For example, hyperCAD-S is the “CAD for CAM” system that Open Mind developed for CAM programmers to speed up NC coding. “It’s fully integrated into hyperMILL,” said Wussack. “This allows users to switch back and forth between CAM and CAD without having to employ an interface. That saves a lot of time and makes the job much less stressful.”
Especially in prototyping, components still need to be adapted for milling because they are often developed for subsequent series production based on injection molding or die casting. When milling parts, a supporting or clamping surface is required, and adjustments such as adapting radii or closing holes must be made. These are precisely the tasks that hyperCAD-S is designed to support by using its drawing, surface and solid functions.
Prototyping differs fundamentally from series production with regard to milling requirements. When making individual parts, it’s not important to shave off tenths of a second from the total machining time. More time is saved if a workable, process-reliable NC program—ideally one that generates the finished component in a single setup—can be created quickly. In this respect, five-axis machining is ideal for prototyping because almost any component can be machined in its entirety from five sides. This also leads to longer continuous processing times, which Wussack and his team leverage to program the next part.
With the hyperMILL CAD/CAM system, there are several tilt milling strategies available so that a suitable solution is available for every geometry and any machine kinematics. “Programming is simple,” said Wussack, “because it is generally based on three-axis 3D milling or milling with the tool set at an angle. In addition to familiar 3D strategies, such as plane finishing or rest machining, only one additional window is needed to supplement the five-axis tool positions.”
Open Mind software provides automated functions that facilitate five-axis programming, such as the automatic indexing feature. It enables programming and milling areas in a single operation even when several tool positions are required. This feature automatically seeks a collision-free, fixed tool angle for individual milling areas. Areas that cannot be machined with a tilted tool are milled simultaneously on five axes.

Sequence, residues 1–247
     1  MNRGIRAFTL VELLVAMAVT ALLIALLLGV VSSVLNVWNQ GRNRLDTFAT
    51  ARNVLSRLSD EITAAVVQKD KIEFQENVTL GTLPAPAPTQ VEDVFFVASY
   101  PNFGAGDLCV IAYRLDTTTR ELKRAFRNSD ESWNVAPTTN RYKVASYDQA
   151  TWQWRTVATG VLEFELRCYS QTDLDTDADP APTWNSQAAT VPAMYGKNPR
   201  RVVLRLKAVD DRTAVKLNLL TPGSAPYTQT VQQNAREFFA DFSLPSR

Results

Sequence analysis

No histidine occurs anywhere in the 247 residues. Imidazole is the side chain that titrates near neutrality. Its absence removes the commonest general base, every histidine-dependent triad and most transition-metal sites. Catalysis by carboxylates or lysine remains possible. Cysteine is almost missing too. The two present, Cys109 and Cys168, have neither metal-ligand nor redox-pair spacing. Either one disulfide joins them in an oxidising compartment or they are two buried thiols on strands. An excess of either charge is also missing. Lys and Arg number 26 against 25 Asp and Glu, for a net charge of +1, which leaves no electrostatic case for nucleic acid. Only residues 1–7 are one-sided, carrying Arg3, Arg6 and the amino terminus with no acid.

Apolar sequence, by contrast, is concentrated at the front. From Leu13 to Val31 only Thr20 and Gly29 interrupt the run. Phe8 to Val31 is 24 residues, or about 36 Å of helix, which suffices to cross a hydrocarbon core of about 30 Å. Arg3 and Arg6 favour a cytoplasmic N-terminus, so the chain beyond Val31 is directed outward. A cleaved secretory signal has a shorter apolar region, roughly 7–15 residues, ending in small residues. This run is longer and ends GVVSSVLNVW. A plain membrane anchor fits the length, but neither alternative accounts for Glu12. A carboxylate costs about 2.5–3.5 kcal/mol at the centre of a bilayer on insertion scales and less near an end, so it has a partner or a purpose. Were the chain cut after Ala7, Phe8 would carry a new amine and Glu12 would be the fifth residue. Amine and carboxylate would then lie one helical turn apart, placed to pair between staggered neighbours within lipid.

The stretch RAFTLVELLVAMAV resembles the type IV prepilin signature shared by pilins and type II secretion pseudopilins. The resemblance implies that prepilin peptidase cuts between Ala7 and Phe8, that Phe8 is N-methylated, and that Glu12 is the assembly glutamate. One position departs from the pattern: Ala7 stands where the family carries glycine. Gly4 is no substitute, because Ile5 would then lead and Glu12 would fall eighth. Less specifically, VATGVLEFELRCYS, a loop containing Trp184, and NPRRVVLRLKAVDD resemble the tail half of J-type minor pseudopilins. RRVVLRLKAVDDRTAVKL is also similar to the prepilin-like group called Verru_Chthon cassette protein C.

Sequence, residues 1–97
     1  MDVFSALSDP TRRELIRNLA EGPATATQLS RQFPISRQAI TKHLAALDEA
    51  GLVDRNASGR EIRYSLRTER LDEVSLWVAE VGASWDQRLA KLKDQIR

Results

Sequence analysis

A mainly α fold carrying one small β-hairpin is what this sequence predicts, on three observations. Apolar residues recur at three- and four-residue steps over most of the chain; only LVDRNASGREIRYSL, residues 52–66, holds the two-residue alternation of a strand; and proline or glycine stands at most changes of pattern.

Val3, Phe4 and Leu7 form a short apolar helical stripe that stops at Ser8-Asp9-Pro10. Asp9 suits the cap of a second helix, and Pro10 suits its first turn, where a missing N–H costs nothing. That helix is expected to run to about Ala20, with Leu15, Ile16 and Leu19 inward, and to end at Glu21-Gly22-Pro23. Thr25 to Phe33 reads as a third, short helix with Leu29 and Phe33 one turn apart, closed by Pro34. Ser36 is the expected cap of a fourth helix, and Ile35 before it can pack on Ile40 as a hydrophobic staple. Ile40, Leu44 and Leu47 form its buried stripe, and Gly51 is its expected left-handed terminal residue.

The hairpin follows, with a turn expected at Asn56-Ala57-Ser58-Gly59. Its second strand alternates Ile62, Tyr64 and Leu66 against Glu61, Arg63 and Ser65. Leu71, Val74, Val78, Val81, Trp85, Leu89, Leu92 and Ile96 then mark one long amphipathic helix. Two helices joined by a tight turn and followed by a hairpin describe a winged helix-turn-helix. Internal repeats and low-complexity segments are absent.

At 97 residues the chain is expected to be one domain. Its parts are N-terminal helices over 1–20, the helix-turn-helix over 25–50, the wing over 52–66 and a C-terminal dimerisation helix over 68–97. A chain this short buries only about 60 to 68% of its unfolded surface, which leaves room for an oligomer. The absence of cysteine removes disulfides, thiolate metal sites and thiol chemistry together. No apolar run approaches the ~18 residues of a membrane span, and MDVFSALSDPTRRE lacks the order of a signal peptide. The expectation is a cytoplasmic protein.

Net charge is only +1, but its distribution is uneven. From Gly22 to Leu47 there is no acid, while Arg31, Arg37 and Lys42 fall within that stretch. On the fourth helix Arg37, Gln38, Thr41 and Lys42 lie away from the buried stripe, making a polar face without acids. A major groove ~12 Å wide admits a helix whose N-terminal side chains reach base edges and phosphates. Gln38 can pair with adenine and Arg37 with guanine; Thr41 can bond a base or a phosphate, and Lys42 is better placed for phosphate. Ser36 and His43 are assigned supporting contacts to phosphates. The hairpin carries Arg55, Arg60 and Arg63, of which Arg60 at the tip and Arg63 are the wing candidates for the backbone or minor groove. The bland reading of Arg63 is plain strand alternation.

The automatic five-axis rest machining function detects rest material areas that were processed incompletely during finishing and automatically carries out the required machining operations after the user defines the reference tool and the machining area, resulting in “enormous time savings,” said Wussack.
Roughing is a machining mode frequently used in prototyping because most components are milled from solid stock. At Kärcher, the roughing module of the hyperMILL MAXX Machining performance package performs this job with ease, according to the company. Kärcher has also invested in the hyperMILL MAXX Machining finishing module. Sanzenbacher anticipates using the finishing module when machining electric motors for hot-water, high-pressure cleaners. Numerous cooling fins need to be finished to a predefined thickness with high precision to allow for correct heat measurements. “By using a barrel cutter and the corresponding tangential finishing strategy, I hope to reduce milling times by half,” said Sanzenbacher.
For Sanzenbacher, the next step involves further automation of the milling area. “In prototyping, too, we are concerned with making efficient use of time by utilizing machines with minimal staffing during the night and on weekends,” he said. The foundation for this had already been laid by investing in a Hermle C22 with a six-fold pallet changer.
Since automation requires maximum process reliability, collision checking and avoidance are important; hyperMILL provides efficient options for this, such as simulation solutions that account for the entire machine environment, according to Open Mind. For five-axis simultaneous machining, hyperMILL automatically calculates a collision-free tool angle. The user only has to specify which axis of rotation should be prioritized in collision avoidance, depending on the machine’s kinematics.
Sanzenbacher is satisfied. “The Open Mind hyperMILL CAM solution and all other components meet our prototyping needs perfectly,” he said. “The modular strategy system is versatile, and the user interface is uniform and clearly structured across all cycles. The generated programs ensure safe and reliable processing. And, we’ve also gotten faster.”
For more information from Kärcher North America, Denver, visit www.kaercher.com/us or phone 303-738-2400. For more information from Open Mind Technologies USA Inc., Needham, Mass., visit www.openmind-tech.com or phone 888-516-1232.